26.               Until conditions change, it would appear that a judge should have serious concerns in sentencing to be confined in Her Majesty’s prison in Kingstown any those men who are such a clear and present life-threatening danger to their community that they cannot as a matter of public safety be allowed to remain at liberty.  The confinement in such a case will serve the purpose of protecting society, not of constituting a punishment for the convicted person in question.
27.               Given the conditions described above, the question arises whether it is proper to remand persons not yet convicted of any offence to Her Majesty’s Prison in Kingstown.  It would seem that the safest course of action for me to follow in dealing with persons who would normally be expected to be placed on remand, until I shall have been satisfied that a suitable facility has been made available, might be to release all such persons on bail with suitable conditions as may appear appropriate in each case.
28.               It is in the light of the above that I now propose to consider what other options exist by way of penalties for persons convicted of serious criminal charges in St Vincent and the Grenadines.
29.               The law provides for fines to be imposed.  St Vincent and the Grenadines is one of the poorest nations in the Western Hemisphere.  Unemployment and illiteracy rates are high, particularly in the rural areas.  Many of the persons who appear before the court are unemployed.  They do not possess any income, savings, valuable possessions, or other reserves to be able to pay a fine.  When a fine is not paid the Magistrate or Judge issues a warrant to pick up the person and commit him to prison for not paying the fine.  The police know that the fine was not paid due to poverty, not malice.  The result is that hundreds of outstanding warrants are quietly stored in a desk drawer.  The police have not been able to execute the warrants.  They are only too well aware that there is no room in the prison for these defaulters.  In these cases, where poor persons have been fined, no real penalty has been imposed, because the men fined know that they will not be picked up when they fail to pay the fines and warrants are issued for their arrest.  One has to question whether the option of ordering a fine or compensation to be paid by someone who is not clearly able to pay the fine is realistically open. 
30.               The Probation Department exists under the Probation of Offenders Act.  The officers of that Department have explained to me that they have the title of Probation Officers.  The Probation Officers have many duties.  They take care of all cases of child abuse, poor relief, abused women, and all welfare matters in the State.  Their duties are much more extensive than mere Probation Officers.  The Department has an office in Kingstown, but no extension workers in the outlying districts.  They have no office transport to get to probationers inside, far less outside, Kingstown.  They lack any other facilities to assist in carrying out probation duties.  The office is presently severely understaffed for the existing welfare work.  Only counselling is offered to persons on probation, no supervision of any kind is possible.  If a court puts a person in Kingstown on probation, then if that person happens to drop by the office, he will receive a little counselling.  If he lives in the country and cannot drop by the office, then no counselling or supervision of any kind can be carried out.  One has to ask whether probation orders are not, then, an entire waste of time.  Can a court properly impose the duties of probation on such heavily overworked officers who lack the most basic means to carry out the order of the court?  There is a basic rule that a court should not make an order that it knows is incapable of being carried out.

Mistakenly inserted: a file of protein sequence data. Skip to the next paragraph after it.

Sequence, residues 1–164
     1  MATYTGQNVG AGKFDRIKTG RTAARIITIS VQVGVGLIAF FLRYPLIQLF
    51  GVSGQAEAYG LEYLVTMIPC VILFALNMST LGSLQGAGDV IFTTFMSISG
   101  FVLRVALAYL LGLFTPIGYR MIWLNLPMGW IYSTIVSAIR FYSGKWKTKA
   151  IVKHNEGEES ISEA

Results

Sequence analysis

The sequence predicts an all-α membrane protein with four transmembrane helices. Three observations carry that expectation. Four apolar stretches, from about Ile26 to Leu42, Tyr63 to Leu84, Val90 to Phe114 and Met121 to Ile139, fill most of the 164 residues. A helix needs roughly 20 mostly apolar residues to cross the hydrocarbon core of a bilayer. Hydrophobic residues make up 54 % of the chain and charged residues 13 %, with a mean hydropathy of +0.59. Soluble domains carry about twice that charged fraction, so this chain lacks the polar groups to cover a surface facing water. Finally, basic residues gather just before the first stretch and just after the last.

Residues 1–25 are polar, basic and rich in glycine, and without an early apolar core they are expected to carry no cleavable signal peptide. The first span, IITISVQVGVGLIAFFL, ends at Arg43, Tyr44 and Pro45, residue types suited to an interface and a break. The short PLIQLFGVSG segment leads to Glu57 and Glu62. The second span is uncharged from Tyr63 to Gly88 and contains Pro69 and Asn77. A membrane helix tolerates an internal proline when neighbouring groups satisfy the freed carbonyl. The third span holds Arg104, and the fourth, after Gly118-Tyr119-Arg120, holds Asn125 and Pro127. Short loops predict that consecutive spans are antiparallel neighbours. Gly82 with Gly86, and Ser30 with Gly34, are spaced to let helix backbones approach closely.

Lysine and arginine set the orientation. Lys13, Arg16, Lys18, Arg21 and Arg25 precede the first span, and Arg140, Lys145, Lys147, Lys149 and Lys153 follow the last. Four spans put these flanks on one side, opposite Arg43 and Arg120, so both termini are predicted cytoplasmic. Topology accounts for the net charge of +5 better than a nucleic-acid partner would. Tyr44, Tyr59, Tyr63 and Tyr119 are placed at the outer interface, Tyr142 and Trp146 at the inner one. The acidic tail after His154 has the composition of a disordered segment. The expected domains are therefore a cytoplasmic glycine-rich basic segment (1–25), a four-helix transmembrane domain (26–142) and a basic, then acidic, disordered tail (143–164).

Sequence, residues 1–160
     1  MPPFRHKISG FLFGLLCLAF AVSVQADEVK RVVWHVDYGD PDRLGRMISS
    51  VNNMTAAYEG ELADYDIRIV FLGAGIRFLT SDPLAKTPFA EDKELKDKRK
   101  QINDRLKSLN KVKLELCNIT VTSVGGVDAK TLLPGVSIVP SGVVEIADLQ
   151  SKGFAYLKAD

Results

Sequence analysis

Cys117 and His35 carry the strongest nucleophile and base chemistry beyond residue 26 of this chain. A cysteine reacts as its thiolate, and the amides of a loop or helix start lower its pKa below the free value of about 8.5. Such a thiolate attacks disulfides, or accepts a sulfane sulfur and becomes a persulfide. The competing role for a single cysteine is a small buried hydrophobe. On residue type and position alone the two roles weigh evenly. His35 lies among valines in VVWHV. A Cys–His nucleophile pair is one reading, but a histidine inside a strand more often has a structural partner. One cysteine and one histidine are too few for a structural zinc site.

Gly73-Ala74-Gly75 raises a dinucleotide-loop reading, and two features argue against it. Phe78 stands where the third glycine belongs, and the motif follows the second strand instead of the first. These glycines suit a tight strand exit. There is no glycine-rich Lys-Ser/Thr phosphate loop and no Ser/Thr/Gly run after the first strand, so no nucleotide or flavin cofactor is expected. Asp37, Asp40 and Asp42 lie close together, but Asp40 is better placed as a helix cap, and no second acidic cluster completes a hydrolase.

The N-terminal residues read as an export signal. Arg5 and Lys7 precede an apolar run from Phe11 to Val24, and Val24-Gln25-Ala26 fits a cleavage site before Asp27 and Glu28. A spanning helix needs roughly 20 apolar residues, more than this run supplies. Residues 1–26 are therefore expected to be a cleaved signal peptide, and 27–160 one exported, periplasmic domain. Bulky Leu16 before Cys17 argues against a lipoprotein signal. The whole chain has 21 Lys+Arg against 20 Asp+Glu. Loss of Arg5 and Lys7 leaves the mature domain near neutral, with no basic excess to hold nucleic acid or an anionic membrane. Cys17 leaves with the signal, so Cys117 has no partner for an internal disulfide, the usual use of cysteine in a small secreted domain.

31.               Community Service Orders have been under discussion for some time now.  I understand that the proposed legislation for community service orders is not yet in place.  Only the traditional sentences exist. 
32.               The remaining traditional sentences provided for by law include:
(a) supervision order: s.20
(b) payment of compensation: s.27
(c) payment of costs of the prosecution: s.27
(d) suspended sentence: s.30
(e) forfeiture of the proceeds of crime: s.32
(f)  forfeiture of articles involved in the offence: s.33
(g) security for keeping the peace: s.34
(h) security for coming up for judgment: s.35
(i)   discharge without punishment: s.37
(j)   restitution: s.238
(k) corporal punishment under Corporal Punishment of Juveniles Act
33.       These limited varieties of sentences will have to be imaginatively applied by the Court until such time as the Legislature of St Vincent and the Grenadines provides the Court with more varied and modern options for sentencing of offenders for non-capital offences.